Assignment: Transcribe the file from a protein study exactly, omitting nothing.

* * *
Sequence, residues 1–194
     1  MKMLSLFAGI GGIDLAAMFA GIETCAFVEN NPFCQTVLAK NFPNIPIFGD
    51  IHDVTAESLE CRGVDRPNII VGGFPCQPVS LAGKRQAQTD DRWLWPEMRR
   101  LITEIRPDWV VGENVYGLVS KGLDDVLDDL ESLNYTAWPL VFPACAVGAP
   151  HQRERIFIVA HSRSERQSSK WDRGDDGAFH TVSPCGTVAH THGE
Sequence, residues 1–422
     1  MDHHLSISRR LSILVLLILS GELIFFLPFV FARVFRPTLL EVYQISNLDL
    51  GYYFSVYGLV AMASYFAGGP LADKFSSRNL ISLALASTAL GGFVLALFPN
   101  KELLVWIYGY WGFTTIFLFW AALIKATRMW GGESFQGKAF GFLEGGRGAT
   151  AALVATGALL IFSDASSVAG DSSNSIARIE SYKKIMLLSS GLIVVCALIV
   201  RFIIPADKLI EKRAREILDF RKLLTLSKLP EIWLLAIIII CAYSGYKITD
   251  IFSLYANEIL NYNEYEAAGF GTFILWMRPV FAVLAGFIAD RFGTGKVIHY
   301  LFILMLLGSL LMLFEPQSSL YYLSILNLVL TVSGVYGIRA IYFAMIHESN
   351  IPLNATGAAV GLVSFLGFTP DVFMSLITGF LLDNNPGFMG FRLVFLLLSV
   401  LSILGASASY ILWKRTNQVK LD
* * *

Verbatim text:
Sequence, residues 1–194
     1  MKMLSLFAGI GGIDLAAMFA GIETCAFVEN NPFCQTVLAK NFPNIPIFGD
    51  IHDVTAESLE CRGVDRPNII VGGFPCQPVS LAGKRQAQTD DRWLWPEMRR
   101  LITEIRPDWV VGENVYGLVS KGLDDVLDDL ESLNYTAWPL VFPACAVGAP
   151  HQRERIFIVA HSRSERQSSK WDRGDDGAFH TVSPCGTVAH THGE
Sequence, residues 1–422
     1  MDHHLSISRR LSILVLLILS GELIFFLPFV FARVFRPTLL EVYQISNLDL
    51  GYYFSVYGLV AMASYFAGGP LADKFSSRNL ISLALASTAL GGFVLALFPN
   101  KELLVWIYGY WGFTTIFLFW AALIKATRMW GGESFQGKAF GFLEGGRGAT
   151  AALVATGALL IFSDASSVAG DSSNSIARIE SYKKIMLLSS GLIVVCALIV
   201  RFIIPADKLI EKRAREILDF RKLLTLSKLP EIWLLAIIII CAYSGYKITD
   251  IFSLYANEIL NYNEYEAAGF GTFILWMRPV FAVLAGFIAD RFGTGKVIHY
   301  LFILMLLGSL LMLFEPQSSL YYLSILNLVL TVSGVYGIRA IYFAMIHESN
   351  IPLNATGAAV GLVSFLGFTP DVFMSLITGF LLDNNPGFMG FRLVFLLLSV
   401  LSILGASASY ILWKRTNQVK LD